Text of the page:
HC Deb 21 July 1885 vol 299 cc1407-8

asked Mr. Chancellor of the Exchequer, in view of the monetary situation created in Ireland by suspension of payment on the part of the Munster Bank, and considering that the Bank of Ireland enjoys special facilities under the Law, and exceptional advantages from the Government, and has at its disposal unused note-issue power to the extent of above a million sterling, whether the Government will use its influence to cause the Bank of Ireland to assist the Munster Bank to recover its position, and thus avoid liquidation, if the different classes of persons interested in this Bank as depositors and shareholders should undertake to do their part, and the affairs of the Bank should be found in a condition to warrant assistance from the Bank of Ireland?


The hon. Member has asked me a Question to which I could not give an affirmative reply without the risk of raising hopes which, so far as I see, could not be realized; but I may say that, in my opinion, the exceptional position of the Bank of Ireland entails upon it at times such as these special duties, and I have good reason to believe that this is recognized by the Directors of the Bank, and that they are ready to help in promoting the very desirable object referred to by the hon. Member, so far as may be possible consistently with due regard to the safety of the Bank.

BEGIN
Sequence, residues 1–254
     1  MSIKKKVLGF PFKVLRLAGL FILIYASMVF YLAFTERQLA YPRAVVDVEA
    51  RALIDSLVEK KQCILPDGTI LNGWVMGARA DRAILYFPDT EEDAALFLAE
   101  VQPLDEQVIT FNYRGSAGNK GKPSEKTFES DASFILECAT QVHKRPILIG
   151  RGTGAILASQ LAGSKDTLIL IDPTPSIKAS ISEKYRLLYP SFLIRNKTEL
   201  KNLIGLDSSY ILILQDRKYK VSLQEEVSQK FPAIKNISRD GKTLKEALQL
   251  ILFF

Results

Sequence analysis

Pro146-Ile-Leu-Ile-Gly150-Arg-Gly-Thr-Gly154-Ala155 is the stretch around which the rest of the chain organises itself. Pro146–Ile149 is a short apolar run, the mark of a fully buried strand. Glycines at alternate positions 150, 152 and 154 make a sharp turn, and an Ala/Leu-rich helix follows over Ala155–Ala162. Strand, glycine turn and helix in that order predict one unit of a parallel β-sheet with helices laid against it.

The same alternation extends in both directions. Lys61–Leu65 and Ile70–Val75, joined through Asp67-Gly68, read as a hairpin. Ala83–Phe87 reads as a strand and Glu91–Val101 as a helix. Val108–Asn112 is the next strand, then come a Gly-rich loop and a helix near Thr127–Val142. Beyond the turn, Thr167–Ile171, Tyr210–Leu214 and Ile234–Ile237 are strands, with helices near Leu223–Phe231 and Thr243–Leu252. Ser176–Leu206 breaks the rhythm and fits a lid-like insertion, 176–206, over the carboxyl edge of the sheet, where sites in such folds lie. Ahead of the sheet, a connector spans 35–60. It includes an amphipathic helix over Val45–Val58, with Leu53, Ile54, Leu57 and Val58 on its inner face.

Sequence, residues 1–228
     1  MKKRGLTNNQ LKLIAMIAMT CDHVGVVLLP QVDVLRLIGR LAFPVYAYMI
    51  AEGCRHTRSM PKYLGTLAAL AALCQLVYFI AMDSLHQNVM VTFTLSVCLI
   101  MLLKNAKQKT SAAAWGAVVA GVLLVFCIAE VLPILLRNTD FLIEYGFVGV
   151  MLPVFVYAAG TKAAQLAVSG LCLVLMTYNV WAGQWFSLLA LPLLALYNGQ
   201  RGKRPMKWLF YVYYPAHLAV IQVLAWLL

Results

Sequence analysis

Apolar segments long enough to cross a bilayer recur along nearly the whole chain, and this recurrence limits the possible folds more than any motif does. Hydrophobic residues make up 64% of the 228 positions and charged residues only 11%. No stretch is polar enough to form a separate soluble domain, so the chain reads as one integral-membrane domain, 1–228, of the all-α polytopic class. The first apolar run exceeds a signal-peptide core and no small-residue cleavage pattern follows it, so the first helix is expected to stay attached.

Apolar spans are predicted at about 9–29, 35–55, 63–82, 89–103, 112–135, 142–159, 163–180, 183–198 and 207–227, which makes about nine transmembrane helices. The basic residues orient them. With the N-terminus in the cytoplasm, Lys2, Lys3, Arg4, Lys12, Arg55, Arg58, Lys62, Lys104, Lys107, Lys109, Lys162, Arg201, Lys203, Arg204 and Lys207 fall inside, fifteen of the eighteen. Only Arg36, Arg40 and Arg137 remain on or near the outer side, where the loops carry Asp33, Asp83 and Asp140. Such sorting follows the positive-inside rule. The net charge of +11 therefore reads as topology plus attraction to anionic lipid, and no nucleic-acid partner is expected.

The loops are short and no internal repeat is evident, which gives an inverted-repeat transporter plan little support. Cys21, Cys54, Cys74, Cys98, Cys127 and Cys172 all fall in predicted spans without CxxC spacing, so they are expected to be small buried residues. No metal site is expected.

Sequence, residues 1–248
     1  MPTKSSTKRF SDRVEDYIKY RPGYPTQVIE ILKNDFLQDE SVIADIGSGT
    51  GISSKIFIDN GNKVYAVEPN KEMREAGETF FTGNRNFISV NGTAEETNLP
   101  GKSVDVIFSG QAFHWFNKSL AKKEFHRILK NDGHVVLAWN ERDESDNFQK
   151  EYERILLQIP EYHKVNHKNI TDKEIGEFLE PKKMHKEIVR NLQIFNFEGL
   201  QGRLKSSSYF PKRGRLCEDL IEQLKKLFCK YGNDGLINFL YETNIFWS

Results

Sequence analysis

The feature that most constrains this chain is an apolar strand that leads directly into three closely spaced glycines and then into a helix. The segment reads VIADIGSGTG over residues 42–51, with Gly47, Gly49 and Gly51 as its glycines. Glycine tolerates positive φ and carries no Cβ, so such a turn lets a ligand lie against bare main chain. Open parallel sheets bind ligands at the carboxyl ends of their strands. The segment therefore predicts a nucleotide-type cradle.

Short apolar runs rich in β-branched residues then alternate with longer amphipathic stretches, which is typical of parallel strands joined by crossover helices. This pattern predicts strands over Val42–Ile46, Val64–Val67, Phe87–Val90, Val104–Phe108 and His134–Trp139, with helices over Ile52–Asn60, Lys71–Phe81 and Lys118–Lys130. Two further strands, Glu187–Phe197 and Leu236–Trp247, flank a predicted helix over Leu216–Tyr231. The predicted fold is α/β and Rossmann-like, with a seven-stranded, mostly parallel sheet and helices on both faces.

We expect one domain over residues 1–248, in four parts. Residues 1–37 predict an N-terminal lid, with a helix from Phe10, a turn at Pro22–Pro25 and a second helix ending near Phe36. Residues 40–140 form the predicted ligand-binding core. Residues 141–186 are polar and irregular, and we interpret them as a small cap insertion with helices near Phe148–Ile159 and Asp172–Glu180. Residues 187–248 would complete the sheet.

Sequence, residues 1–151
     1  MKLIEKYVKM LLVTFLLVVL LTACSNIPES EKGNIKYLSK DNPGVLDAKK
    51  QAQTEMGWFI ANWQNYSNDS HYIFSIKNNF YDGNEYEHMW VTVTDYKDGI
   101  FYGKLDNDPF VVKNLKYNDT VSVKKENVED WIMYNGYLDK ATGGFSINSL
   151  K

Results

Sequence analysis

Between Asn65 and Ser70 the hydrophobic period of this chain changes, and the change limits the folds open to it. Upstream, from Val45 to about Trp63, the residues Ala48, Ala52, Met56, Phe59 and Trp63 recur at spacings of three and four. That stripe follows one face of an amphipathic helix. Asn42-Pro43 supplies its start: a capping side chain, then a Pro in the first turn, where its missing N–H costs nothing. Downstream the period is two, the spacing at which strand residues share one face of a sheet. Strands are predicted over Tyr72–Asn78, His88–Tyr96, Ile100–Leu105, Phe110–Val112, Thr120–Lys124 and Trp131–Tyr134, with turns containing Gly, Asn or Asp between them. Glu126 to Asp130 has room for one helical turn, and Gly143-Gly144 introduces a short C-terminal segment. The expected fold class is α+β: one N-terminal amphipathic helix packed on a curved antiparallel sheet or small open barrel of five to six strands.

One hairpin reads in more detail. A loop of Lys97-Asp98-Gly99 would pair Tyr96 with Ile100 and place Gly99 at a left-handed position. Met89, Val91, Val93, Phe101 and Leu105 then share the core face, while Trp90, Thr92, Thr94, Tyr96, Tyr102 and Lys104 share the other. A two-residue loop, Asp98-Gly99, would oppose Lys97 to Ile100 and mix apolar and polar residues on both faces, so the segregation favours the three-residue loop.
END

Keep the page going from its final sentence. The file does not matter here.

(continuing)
asked Mr. Chancellor of the Exchequer, Whether his attention has been called to the 1st Geo. 4, chap. 39, intituled— An Act for the assistance of Trade and Manufactures in Ireland, by authorising the advance of certain sums for the support of commercial credit there; and, whether he would consider the propriety of, if necessary, introducing a Bill based on similar principles for the purpose of aiding in the resuscitation of the Munster Bank?


Yes, Sir, my attention has been called to the Act in question; but, having regard to the revival of confidence in Dublin, and the vigorous efforts being made to resuscitate the Munster Bank by its shareholders and others primarily interested, I think I should do much more harm than good by holding out any hopes that I could comply with the hon. Member's suggestion.